Tuesday, November 13, 2007

Adoption as Melodrama, Pertman v Atwood

Today on Talk of the Nation, National Public Radio’s flagship news and talk show, there was a forty minute discussion based on the premise that states should allow adult adoptees access to their original birth certificates. On first blush, this would seem a moment to cherish, to celebrate. Instead, it was an aggravating “debate” between two non-adoptees presuming, yet again, to speak for us. With all due respect to the so-called “triad position” of Adam Pertman (Executive Director of the Evan B. Donaldson Adoption Institute), and Tom Atwood (Executive Director of the National Conference for Adoption), the two gentlemen were not there as fathers, they were there representing different aspects of the fifth leg of the adoption stool, the experts who get to interpret our realities to the world.

Can you imagine a program on any major national station on voting rights without any African-Americans on the panel? Can you imagine a serious discussion about immigration issues without any Hispanics as guests? Or what about a program about GLBT rights with a panel of two straight guys ? What the FUCK!!!!

I called in to give my two cents, I’m a sucker for speed dials and hit and run radio agit-prop. When I got through, the producer screening me said that what I wanted to say would duplicate comments of people she had on hold. When I asked why no adult adoptees were on the panel as guest, she said that the program was allowing adoptees to call in, and we would be heard. BULLSHIT. The producer asked adoptees to stick to their sob stories, and when they got off-script and challenged Atwood for appropriating the privilege of speaking for adoptees, they were CUT OFF.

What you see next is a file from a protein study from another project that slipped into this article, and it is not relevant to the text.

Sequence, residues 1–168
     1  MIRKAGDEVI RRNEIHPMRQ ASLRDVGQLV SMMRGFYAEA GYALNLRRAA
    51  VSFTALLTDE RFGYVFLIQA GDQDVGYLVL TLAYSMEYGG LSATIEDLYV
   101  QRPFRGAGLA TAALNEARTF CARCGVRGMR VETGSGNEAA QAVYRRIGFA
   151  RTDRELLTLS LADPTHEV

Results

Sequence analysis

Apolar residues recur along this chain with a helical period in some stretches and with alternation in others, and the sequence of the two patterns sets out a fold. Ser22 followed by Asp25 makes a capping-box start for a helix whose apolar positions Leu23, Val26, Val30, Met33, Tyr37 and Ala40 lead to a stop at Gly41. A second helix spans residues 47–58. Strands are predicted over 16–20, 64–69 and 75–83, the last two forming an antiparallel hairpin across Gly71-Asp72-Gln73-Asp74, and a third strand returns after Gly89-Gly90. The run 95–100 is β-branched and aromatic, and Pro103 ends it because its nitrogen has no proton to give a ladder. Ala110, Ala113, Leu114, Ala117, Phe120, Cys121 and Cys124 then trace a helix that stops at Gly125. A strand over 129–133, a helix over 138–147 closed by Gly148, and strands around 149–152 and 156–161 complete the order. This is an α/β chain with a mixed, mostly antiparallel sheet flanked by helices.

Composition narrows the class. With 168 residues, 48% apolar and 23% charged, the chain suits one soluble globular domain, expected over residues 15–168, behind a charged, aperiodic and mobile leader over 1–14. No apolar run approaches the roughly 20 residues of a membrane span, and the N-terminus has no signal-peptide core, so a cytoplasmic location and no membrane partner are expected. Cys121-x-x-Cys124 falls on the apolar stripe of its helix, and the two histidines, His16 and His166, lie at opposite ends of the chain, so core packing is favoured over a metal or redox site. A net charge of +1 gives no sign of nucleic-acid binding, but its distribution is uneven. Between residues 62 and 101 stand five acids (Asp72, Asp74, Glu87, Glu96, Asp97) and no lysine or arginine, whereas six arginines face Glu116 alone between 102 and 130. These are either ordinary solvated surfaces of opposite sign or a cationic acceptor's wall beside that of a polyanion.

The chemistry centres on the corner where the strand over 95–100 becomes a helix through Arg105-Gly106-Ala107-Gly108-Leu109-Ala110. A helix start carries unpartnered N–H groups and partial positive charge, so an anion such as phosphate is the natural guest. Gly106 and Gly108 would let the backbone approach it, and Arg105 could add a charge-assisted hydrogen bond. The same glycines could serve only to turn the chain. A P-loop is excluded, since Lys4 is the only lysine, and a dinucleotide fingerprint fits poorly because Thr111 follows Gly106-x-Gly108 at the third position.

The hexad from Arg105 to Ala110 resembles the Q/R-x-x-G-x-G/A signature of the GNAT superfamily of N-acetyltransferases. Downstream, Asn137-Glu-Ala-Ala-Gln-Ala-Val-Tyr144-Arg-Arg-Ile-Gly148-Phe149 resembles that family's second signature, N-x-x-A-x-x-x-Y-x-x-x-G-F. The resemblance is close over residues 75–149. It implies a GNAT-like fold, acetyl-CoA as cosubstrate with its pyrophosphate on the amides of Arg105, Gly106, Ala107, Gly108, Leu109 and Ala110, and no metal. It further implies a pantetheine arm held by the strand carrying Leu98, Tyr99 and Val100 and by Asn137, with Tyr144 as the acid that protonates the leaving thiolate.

This is why the Day for Adoptee Rights in New Orleans is so critically important. Adult adoptees need to be on the panels, on the podiums, in the statehouses, in the streets, without someone speaking for them, no matter how "supportive" they appear. These are OUR LIVES, OUR RIGHTS people.

In general the media loves us when we tell sob stories. They encourage us to portray our lives as a freak show to entertain the masses. It's standard operating procedure for daytime talk shows like Maury Povich and Oprah and their ilk to exploit our tragedies, but it was the allegedly high-minded NPR that played us for melodrama today, with Atwood and Pertman as context and window dressing. They wanted our "stories", they didn't give a shit about our rights.